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Providing support for STD testing, treatment, education and prevention strategies to all 159 counties across Georgia
The following reports provide the most recent available data and statistics for reportable sexually transmitted diseases (STDs) in Georgia. These files include data for chlamydia, gonorrhea, and syphilis.
Congenital syphilis (CS) is a disease that occurs when a mother with syphilis passes the infection on to her baby during pregnancy through the placenta. The infection can also be passed to the baby during labor and delivery.
Individuals can receive screenings and treatment of STDs through their county health department, as well as through their private physician. Access the most up to date screening and treatment recommendations.
STDs can have harmful health effects on pregnant women, their partners, and their babies. Congenital syphilis passes from a pregnant mother to her baby. The resources on this page provide information about the impact of STDs on pregnant women as well as resources for reaching this population.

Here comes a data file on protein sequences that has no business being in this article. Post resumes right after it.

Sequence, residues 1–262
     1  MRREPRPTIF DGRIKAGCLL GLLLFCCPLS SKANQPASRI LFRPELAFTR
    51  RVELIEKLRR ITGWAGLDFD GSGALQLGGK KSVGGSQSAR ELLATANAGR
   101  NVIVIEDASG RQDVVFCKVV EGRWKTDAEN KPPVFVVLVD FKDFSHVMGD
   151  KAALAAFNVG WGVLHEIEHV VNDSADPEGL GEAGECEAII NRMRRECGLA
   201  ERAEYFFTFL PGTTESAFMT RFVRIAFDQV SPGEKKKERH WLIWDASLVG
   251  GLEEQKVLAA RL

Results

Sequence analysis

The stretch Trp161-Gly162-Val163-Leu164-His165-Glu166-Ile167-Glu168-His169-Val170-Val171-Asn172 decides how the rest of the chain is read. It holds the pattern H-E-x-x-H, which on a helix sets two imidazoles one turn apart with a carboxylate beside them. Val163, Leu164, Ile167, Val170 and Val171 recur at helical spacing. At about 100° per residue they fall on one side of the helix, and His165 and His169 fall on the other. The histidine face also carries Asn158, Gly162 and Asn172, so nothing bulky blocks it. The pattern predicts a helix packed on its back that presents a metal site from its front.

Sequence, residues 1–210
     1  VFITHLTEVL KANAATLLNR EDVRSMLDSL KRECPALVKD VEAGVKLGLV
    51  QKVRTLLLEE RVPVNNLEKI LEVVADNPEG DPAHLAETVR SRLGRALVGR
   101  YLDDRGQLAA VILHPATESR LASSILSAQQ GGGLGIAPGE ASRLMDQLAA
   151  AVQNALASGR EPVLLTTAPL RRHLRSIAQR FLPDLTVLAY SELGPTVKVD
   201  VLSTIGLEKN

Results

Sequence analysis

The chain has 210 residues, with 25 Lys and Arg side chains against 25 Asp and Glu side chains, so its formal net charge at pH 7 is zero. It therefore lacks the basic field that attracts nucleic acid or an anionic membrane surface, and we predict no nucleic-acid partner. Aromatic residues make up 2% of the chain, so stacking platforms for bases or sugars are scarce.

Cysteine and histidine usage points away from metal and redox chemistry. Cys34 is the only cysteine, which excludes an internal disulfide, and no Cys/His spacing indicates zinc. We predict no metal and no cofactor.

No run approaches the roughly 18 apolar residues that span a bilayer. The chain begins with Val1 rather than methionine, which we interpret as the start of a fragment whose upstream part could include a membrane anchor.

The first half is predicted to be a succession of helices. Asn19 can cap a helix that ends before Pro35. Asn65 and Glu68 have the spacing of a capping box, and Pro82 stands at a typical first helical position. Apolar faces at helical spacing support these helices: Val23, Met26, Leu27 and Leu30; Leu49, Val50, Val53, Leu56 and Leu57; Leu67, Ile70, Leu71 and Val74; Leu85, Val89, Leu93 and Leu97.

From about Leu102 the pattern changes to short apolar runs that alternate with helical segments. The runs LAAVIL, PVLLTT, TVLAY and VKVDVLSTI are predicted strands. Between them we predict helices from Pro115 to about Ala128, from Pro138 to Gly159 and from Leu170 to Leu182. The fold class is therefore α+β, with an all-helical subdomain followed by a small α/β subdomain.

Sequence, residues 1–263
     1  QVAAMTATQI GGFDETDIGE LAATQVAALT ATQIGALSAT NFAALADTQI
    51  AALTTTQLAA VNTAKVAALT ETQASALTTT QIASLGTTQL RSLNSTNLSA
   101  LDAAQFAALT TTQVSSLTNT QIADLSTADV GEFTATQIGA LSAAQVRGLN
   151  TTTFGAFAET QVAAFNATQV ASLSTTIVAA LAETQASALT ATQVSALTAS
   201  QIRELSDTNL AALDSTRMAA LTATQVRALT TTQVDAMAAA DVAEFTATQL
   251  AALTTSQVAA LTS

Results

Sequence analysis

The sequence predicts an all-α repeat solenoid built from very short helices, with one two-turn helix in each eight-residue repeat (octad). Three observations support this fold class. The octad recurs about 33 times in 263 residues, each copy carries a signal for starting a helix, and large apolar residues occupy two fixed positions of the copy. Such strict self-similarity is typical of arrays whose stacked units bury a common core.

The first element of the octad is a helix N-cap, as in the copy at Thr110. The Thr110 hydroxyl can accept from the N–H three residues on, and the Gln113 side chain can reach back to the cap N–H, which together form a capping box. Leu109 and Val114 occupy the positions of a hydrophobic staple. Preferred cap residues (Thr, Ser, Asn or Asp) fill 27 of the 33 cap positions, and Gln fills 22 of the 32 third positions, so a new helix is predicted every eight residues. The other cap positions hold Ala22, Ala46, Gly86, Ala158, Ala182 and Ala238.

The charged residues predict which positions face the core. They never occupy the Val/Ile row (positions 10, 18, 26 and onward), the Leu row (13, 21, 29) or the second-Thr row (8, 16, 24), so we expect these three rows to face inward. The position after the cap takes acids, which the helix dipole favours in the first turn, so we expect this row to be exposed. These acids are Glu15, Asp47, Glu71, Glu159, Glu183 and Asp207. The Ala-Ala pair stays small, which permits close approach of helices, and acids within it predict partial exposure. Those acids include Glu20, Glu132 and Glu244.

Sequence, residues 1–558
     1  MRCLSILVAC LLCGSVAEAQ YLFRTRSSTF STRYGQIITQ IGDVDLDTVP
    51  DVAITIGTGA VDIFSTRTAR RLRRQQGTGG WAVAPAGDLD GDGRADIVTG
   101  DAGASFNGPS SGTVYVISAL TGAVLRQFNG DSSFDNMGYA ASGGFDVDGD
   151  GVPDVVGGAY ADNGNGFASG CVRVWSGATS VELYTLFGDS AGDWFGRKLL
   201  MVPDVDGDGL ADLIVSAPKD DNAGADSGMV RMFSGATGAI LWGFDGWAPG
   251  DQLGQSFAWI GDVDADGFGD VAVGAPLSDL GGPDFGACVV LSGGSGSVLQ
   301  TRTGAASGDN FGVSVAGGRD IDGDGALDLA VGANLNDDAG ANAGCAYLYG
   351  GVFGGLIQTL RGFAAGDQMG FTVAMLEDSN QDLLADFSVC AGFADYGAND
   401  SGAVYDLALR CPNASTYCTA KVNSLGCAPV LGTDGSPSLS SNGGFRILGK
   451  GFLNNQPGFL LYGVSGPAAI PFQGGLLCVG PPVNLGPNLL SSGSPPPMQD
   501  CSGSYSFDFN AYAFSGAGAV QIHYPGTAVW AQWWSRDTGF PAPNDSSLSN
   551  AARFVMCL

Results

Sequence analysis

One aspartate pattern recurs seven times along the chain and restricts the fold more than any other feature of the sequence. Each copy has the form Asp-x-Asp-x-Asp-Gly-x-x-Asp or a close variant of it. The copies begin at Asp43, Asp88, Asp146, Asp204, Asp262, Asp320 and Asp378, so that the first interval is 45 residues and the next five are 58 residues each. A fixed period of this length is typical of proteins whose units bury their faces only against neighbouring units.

STDs are common, especially among young people. There are about 20 million new cases of STDs each year in the United States. The resources on this page provide information about the impact of STDs for adolescents (15-24 years of age) as well as resources for reaching this population
Georgia has seen a 44.1% increase in the rate of STDs among men over the last 5 years (2014-2018). Gay, bisexual, and other men who have sex with men have been seen to be at a higher risk. The resources for this page provide prevention strategies for the MSM, Gay, and Bisexual population.
Services are available during the COVID-19 pandemic. Contact your local public health clinic for services available in your area.
Information about STDs, what you should do, what to watch for and how to protect yourself.
Most recent webinars, articles and trainings for STD providers
All Georgia physicians, laboratories, and other health care providers are required by law (OCGA 31-12-2) to report patients with the conditions listed under Notifiable Disease Reporting Requirements. Both laboratory confirmed and clinical diagnoses are reportable.
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For general question and inquires regarding STD information please email us at: